Red Cross kicks off summer campaign over Memorial Day weekend.
Central Plains Blood Services Region
WICHITA, Kan. (May 21, 2014) — The American Red Cross kicks off its 100 Days of Summer. 100 Days of Hope. campaign on May 24, reminding blood donors that they can give hope to patients by rolling up a sleeve.
School nurse Alicia Dunn know firsthand of the importance of blood donations. Her husband, John Sills, battled non-Hodgkin’s and Hodgkin’s Lymphoma for 16 months before passing away in March, 2009. During his cancer fight, he received approximately 61 pints of blood and blood products.
“My daughter and I are so thankful for the time we had with John,” said Dunn. “We can never repay the generous blood donors who helped give us that time, but we can pay it forward.”
100 Days of Summer. 100 Days of Hope. runs through Sept. 1. All summer, the Red Cross will encourage at least two more donors to give blood at each Red Cross blood drive – above what is expected. Individuals can visit redcrossblood.org or call 1-800-RED CROSS (1-800-733-2767) to choose a day to donate and help sustain adequate supplies over the summer months.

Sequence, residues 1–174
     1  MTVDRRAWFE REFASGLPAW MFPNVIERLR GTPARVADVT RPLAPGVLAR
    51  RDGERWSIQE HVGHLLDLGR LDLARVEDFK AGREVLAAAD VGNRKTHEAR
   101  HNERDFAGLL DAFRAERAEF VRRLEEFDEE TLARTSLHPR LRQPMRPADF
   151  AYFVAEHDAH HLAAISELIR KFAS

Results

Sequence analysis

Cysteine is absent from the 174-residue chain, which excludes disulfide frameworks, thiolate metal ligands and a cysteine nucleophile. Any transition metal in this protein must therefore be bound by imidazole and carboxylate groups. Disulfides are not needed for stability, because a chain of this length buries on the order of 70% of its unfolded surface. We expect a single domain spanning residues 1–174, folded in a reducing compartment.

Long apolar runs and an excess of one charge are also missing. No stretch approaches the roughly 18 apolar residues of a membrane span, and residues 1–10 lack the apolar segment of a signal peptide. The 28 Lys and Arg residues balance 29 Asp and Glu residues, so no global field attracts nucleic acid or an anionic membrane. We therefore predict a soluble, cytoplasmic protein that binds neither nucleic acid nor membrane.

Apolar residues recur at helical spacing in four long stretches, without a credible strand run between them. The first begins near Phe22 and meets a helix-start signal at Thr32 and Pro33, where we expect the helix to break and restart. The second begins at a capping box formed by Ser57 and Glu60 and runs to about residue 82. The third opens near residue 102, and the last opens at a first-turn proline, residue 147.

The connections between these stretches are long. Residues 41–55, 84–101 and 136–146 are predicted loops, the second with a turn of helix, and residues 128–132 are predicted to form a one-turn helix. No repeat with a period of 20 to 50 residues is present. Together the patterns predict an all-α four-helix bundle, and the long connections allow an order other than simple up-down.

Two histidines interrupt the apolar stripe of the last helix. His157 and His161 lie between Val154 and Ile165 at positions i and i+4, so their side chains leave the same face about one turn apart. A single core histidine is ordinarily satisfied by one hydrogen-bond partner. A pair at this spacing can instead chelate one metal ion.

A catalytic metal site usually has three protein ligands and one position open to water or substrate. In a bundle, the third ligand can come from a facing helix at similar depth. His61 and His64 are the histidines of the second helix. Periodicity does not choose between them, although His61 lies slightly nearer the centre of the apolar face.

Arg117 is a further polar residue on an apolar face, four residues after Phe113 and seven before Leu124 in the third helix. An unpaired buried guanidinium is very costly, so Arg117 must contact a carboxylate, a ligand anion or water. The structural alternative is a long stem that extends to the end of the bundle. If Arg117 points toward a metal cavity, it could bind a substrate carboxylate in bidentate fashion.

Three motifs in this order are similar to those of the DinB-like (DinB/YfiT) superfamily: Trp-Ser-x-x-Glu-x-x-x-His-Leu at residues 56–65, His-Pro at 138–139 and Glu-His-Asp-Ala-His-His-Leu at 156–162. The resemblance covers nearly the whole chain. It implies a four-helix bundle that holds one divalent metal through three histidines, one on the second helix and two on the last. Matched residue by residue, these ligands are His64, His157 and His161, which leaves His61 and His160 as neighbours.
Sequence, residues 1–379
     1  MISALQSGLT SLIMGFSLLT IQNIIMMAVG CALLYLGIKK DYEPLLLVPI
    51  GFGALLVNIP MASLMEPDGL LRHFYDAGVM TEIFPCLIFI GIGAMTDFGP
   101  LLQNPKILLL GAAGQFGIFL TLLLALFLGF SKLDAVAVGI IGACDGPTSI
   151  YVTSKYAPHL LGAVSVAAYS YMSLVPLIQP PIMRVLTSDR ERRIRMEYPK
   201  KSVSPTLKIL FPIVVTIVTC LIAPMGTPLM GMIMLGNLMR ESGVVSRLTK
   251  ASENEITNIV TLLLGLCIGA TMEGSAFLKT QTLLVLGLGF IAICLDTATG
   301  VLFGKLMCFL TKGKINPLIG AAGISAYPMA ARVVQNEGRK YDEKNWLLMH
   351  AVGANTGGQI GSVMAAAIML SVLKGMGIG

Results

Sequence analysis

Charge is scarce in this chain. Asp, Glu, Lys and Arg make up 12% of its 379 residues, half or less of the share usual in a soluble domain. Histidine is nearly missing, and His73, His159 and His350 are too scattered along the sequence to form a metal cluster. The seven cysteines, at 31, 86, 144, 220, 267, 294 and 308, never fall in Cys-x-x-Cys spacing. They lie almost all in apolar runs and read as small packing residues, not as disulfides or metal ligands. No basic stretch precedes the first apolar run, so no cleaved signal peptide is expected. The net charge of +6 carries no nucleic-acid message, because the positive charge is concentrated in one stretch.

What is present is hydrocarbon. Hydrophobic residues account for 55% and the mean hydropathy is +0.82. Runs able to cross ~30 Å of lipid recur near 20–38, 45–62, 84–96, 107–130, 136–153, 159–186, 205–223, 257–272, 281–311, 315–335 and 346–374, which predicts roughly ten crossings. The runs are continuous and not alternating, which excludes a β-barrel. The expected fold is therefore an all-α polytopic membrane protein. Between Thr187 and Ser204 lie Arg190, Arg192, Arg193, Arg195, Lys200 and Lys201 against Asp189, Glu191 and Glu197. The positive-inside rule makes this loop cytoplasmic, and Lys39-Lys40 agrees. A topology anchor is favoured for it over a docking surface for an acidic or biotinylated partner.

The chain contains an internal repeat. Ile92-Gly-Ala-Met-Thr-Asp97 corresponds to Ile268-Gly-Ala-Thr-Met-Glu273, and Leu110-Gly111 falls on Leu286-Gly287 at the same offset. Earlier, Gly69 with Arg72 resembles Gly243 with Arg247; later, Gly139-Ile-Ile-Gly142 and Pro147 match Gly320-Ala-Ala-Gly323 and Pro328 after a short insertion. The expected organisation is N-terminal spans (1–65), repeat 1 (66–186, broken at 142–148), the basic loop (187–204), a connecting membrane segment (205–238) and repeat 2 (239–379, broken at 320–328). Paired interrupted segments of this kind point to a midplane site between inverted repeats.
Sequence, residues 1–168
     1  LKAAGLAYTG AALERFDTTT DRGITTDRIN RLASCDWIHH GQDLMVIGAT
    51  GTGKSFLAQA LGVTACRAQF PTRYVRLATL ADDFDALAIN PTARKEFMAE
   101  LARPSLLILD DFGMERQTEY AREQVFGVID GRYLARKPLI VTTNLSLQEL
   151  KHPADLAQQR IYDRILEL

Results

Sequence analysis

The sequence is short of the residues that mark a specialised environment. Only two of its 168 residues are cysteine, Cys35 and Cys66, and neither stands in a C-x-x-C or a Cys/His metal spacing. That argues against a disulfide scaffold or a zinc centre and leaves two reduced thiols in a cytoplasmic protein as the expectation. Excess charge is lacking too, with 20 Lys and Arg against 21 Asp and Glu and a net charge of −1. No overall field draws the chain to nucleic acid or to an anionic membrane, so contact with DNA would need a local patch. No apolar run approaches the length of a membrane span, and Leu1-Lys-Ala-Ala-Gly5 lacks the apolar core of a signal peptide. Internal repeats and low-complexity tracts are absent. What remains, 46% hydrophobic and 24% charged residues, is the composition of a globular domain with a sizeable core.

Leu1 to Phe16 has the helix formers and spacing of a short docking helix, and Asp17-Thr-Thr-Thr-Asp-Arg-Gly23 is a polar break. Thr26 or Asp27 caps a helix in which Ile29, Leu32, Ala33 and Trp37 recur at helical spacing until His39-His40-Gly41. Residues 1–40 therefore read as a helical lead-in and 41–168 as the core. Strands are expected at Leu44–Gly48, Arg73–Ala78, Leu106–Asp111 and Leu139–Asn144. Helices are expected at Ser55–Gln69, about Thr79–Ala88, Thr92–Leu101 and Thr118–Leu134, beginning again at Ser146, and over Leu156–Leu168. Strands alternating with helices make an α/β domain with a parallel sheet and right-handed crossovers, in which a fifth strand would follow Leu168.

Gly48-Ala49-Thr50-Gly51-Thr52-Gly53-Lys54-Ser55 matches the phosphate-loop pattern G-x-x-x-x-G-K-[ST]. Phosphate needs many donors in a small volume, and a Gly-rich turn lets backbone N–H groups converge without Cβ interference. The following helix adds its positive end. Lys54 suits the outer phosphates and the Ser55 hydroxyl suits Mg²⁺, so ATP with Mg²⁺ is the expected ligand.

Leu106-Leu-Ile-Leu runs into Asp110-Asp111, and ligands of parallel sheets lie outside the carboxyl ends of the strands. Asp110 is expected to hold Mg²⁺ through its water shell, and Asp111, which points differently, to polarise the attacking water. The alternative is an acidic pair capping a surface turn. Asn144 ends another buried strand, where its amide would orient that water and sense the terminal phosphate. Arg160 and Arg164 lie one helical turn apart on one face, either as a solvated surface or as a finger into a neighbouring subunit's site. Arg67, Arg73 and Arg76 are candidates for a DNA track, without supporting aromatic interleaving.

Upcoming blood donation opportunities:
May 24 from 9 a.m. to 1 p.m. at the Wichita Blood Donation Center, 707 N. Main St., Wichita
May 26 from 9 a.m. to 2 p.m. at the Wichita Blood Donation Center, 707 N. Main St., Wichita
How to donate blood
Simply call 1-800-RED CROSS (1-800-733-2767) or visit redcrossblood.org to make an appointment or for more information. All blood types are needed to ensure a reliable supply for patients. A blood donor card or driver’s license or two other forms of identification are required at check-in. Individuals who are 17 years of age (16 with parental consent in some states), weigh at least 110 pounds and are in generally good health may be eligible to donate blood. High school students and other donors 18 years of age and younger also have to meet certain height and weight requirements.
About the American Red Cross
The American Red Cross shelters, feeds and provides emotional support to victims of disasters; supplies about 40 percent of the nation’s blood; teaches skills that save lives; provides international humanitarian aid; and supports military members and their families. The Red Cross is a not-for-profit organization that depends on volunteers and the generosity of the American public to perform its mission. For more information, please visit redcross.org or visit us on Twitter at @RedCross.